As you will remember, last week I demonstrated how to make the perfect hummus. What do you mean you didn’t read it? Well, ok, for those of you whose newsagent was having a family crisis or whose dogs were hungry for newsprint, here’s a quick recap.
“Next time, can you ask them to send a paperback?” Thus spake my wonderful postman after handing me The World Atlas of Wine, by Hugh Johnson and Jancis Robinson. And I couldn’t blame him: at 2.25kg, this volume is no joke when added to an already-full postbag.
I n this country, hummus is a dip to be picked up at the supermarket and eaten with a stick of carrot or celery. In Israel, however, hummus is an obsession. The trendy hummus places have queues around the block as Israelis flock to eat the best version of this seemingly humble dip.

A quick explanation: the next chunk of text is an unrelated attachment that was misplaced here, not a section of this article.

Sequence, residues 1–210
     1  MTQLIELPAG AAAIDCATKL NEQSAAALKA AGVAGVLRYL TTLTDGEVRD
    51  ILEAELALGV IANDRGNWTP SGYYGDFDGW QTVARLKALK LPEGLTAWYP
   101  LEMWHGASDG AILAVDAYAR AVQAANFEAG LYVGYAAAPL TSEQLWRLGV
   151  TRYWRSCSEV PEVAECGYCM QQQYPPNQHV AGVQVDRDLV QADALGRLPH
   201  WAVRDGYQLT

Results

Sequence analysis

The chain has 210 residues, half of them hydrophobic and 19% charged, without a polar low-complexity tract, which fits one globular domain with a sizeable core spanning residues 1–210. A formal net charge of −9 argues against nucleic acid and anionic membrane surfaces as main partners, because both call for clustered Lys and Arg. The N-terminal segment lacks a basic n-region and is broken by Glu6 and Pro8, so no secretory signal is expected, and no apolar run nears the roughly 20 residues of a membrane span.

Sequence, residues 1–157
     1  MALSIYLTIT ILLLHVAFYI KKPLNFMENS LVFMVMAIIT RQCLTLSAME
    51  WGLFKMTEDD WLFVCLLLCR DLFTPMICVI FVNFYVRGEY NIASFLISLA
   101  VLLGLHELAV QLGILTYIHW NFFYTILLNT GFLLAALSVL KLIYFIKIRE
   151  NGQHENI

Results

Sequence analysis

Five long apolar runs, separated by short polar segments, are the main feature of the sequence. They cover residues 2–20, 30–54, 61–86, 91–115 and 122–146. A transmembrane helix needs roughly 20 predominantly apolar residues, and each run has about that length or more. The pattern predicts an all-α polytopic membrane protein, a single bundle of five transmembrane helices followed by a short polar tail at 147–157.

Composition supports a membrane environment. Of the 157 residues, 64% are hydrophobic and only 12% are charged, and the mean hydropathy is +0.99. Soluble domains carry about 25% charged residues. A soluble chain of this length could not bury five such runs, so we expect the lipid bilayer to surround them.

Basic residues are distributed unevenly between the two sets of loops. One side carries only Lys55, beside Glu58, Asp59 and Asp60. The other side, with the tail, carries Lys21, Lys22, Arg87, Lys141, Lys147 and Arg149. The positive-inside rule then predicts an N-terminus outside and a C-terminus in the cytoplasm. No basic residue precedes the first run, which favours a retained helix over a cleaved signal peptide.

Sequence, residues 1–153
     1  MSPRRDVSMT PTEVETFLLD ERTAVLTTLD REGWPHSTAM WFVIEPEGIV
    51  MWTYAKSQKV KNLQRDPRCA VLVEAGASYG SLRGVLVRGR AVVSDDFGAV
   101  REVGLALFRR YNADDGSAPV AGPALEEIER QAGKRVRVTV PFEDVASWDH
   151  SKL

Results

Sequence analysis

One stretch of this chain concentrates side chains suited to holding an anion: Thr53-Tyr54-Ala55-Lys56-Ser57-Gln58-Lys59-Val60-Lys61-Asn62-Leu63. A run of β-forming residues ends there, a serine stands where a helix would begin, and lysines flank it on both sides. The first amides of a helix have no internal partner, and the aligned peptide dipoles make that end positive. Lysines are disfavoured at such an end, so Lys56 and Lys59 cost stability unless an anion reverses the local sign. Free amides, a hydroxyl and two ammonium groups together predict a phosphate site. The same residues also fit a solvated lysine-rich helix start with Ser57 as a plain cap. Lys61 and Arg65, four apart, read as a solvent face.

Jeans for Genes Day takes place on Friday September 20; the simple initiative invites people to wear their jeans to work or school (probably not to shul though) in return for a donation. The vital funding from the day provides care and support of children with genetic disorders. This year, 23 charities will benefit from the funding including Jewish Genetic Disorders UK.
How important is the food that a restaurant serves? For Guy Michlin, the Israeli founder of EatWith, the food is less important than the company: the social aspect of dining is the key to creating a memorable experience.
Everyone has a different way of breaking the fast. Some like a cup of tea and a biscuit, others go for the traditional herring. A few brave souls end the fast with a shot of whisky. I can vouch for the fact that this makes you feel wonderful for about five minutes and then rather peculiar shortly afterwards.